Background

Electric and electronic equipment (EEE) is a category of products that perhaps more than any other is characteristic of today’s industrial society. It has however also become subject of environmental concern due to the large amounts of waste resulting from widespread use in combination with shortened life cycles. This waste contains hazardous substances such as heavy metals and flame retardants. It is now recycled to a large extent, but in this work the hazardous substances are of concern from the working environment point of view. It is therefore desirable to minimize the content of such substances in EEE.

The RoHS directive (2002/95/EC) was finalized by the European Parliament and the Council of the European Union on January 27, 2003. RoHS is short for Restriction of the use of Hazardous Substances in Electrical and Electronic Equipment. It bans the use of certain substances in EEE which is put on the market from July 1, 2006.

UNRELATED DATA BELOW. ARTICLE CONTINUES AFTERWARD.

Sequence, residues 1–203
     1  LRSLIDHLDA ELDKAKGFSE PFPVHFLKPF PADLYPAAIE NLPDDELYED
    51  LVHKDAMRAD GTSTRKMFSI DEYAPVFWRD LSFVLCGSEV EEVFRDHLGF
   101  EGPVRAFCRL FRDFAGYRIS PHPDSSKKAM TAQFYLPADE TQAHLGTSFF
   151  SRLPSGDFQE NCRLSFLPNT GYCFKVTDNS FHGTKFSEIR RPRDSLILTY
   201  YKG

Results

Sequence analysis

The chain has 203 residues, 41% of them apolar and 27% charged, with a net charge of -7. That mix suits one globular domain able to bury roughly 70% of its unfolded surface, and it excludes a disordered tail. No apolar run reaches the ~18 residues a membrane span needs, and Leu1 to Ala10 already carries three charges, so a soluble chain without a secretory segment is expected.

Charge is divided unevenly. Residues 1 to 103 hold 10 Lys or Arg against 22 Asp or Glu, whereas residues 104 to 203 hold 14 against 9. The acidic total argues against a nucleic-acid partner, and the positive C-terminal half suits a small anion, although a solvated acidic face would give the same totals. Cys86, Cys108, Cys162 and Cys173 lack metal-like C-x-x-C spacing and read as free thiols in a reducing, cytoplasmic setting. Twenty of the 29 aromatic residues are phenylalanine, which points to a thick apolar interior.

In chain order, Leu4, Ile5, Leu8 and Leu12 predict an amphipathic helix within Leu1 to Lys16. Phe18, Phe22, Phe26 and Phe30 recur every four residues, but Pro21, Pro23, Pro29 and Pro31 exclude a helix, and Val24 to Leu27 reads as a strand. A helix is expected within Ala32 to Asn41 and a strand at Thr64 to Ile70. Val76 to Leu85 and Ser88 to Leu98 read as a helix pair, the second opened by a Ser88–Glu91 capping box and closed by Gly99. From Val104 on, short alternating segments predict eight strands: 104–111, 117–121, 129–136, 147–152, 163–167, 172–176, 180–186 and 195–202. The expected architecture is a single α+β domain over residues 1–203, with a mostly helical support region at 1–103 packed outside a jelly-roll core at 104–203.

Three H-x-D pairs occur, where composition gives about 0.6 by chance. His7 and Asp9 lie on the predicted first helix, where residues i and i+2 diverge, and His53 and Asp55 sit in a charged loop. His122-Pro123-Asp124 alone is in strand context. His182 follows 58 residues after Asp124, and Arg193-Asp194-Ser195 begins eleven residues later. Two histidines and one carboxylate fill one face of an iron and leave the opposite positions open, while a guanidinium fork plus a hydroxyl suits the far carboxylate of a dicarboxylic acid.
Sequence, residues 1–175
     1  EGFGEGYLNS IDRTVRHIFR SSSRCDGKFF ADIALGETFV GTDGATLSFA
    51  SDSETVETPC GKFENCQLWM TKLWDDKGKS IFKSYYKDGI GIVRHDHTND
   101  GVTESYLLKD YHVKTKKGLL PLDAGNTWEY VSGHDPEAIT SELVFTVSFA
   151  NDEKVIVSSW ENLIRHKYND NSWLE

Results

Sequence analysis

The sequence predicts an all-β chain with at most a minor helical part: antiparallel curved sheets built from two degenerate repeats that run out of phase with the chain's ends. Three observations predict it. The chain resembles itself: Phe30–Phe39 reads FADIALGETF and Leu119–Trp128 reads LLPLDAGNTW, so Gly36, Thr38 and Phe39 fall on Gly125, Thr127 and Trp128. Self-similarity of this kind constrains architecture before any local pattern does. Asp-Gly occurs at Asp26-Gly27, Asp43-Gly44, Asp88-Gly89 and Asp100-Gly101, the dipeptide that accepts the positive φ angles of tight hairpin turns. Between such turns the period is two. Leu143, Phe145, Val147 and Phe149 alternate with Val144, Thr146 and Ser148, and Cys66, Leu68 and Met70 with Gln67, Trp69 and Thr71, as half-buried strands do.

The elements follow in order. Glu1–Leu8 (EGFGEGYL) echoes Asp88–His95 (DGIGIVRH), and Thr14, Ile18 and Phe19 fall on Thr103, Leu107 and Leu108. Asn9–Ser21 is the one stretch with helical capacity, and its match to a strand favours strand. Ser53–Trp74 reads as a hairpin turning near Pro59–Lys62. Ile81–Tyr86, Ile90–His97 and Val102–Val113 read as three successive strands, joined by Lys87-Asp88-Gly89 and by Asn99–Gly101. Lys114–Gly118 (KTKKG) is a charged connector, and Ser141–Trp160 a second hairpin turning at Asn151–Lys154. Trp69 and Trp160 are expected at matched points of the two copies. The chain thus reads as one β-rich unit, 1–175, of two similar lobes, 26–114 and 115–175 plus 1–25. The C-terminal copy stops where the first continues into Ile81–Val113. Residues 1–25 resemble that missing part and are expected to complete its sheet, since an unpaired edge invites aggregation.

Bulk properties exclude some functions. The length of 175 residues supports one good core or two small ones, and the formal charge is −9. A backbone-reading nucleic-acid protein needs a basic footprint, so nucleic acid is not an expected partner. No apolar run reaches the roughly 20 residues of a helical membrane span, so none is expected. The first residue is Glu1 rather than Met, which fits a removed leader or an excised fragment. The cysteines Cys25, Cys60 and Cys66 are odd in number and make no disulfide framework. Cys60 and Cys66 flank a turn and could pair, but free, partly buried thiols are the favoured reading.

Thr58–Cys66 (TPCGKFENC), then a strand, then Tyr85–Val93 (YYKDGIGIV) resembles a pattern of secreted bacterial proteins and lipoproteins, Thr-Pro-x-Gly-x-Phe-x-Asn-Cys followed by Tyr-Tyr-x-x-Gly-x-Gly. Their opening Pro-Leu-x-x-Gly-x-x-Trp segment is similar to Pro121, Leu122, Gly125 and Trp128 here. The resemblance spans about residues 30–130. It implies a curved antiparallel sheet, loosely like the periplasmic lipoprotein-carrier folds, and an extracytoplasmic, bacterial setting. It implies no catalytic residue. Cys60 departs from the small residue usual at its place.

Besides health, safety, and environmental conside-rations, materials in electrical and electronic equipment are of interest for their economic value. In recycling, elements such as iron, copper and aluminium are recovered, as well as precious metals like gold and silver. The waste may also contain more “exotic” metals such as indium and germanium.

In 1999, by request from the electronics industry, ALS Scandinavia developed an analytical method for the determination of a large number of metals and other elements in circuit boards. Since then, the method has been further developed to include homogeneous materials such as plastics, metals, etc. Today we also offer analyses for a large number of organic compounds in addition to the elements.